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Re: LLVM/GCC Integration Proposal

>  Specifically, advocates of the recent link-time-optimization proposal
>  [1] may claim that exposing all of the information that DWARF captures
>  (e.g. about the type system) at link-time is a good thing: it makes it
>  easier to do specific high-level optimizations, because all of the
>  information is trivially available. However, they are ignoring the
>  issue of handling multiple languages at the same time: an optimizer
>  with this design has to be aware of (and be able to update) all
>  possible source-language information and must be extended in the
>  future as new languages are added (this is the problem with universal
>  compilers, dating back to the UNCOL design). Also, the linker needs to
>  know how to combine declarations defined in different languages,
>  because an interprocedural optimizer only want to see one declaration
>  for each logical variable (for example). This quickly becomes
>  difficult and messy, which is presumably why the link-time proposal
>  allows the linker to "give up" linking two translation units.

The reason for the complexity of the type system handling in our
proposal was motivated primarily by two concerns:

1) We need to keep track of the types so that they are available for
   debugging.  As LLVM does not support debuggers at this point, it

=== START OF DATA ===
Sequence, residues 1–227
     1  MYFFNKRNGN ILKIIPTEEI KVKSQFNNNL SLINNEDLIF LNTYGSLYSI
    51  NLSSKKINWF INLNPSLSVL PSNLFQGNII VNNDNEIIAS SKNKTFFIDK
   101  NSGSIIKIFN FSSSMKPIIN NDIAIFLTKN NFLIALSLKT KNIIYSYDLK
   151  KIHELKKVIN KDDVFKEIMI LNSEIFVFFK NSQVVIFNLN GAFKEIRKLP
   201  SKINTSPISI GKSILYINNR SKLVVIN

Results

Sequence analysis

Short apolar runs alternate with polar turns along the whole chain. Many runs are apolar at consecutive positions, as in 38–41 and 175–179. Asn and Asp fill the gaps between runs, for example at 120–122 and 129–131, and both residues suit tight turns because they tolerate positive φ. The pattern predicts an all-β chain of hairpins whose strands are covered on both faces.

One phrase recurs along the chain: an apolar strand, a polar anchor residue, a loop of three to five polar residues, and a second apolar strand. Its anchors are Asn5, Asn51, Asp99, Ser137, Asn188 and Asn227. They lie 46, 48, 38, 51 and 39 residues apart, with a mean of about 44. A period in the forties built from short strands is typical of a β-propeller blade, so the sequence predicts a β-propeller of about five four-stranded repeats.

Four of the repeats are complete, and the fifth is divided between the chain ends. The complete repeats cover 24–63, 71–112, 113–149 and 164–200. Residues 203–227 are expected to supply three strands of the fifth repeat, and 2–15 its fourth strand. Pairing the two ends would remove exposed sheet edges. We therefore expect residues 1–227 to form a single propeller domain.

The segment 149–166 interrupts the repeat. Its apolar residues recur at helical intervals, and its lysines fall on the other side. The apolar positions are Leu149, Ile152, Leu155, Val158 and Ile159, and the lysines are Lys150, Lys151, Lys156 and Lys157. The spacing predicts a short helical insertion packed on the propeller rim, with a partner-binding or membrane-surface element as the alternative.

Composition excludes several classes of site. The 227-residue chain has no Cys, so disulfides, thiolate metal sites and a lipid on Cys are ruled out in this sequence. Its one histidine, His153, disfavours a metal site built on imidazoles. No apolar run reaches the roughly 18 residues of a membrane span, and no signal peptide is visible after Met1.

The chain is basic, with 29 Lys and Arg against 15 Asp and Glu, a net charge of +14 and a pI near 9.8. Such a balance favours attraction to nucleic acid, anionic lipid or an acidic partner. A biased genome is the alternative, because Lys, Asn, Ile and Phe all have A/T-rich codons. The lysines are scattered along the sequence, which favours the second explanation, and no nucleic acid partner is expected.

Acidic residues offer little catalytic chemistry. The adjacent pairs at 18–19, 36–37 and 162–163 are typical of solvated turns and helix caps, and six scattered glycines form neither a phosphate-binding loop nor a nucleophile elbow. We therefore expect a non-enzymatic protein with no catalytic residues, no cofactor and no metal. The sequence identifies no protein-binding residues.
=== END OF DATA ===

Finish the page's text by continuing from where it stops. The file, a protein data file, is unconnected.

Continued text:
may be difficult to see through all of the issues required to keep
   track of the information while still doing good optimization.
   In the end we will have to produce a set of debugging info for the
   optimized program, loosing all the type information before you
   start did not seem the correct plan.

2) GCC has a very large user community that knows nothing about
   compilers except how to shepherd their programs through GCC and
   run the result.  Unless I am mistaken about the LLVM, it has no
   such user community.  I personally cannot guarantee that GCC (or
   for that matter any optimizing compiler) can correctly cross inline
   and compile a program if the types in one module are not consistent
   with the types in another module.  Just because the program
   happens to work correctly when separately compiled is not enough.

   When Mark and I started working on this proposal (and later the
   rest of the volunteers) we decided that this was not going to be
   either an academic exercise or just something to run benchmarks.
   What that means to me is that the link time optimizer needs to be
   able to either generate correct code or give up in some predictable
   manner.  Having the compiler push forward and hope everything
   turns out OK is not enough.  Discretion is the better part
   of valor.

I think that taking advantage of mixed C, C++ or C and Fortran
programs is going to be hard.  But it is what the GCC customers want
and there is a desire to accommodate them if possible.

On the positive side, LLVM has a lot more experience in managing whole
program compilation, and it is a much cleaner software base.  It would
be a good to find some mechanism to take advantage of that experience.
Trying to make the hippo dance is not really a lot of fun.


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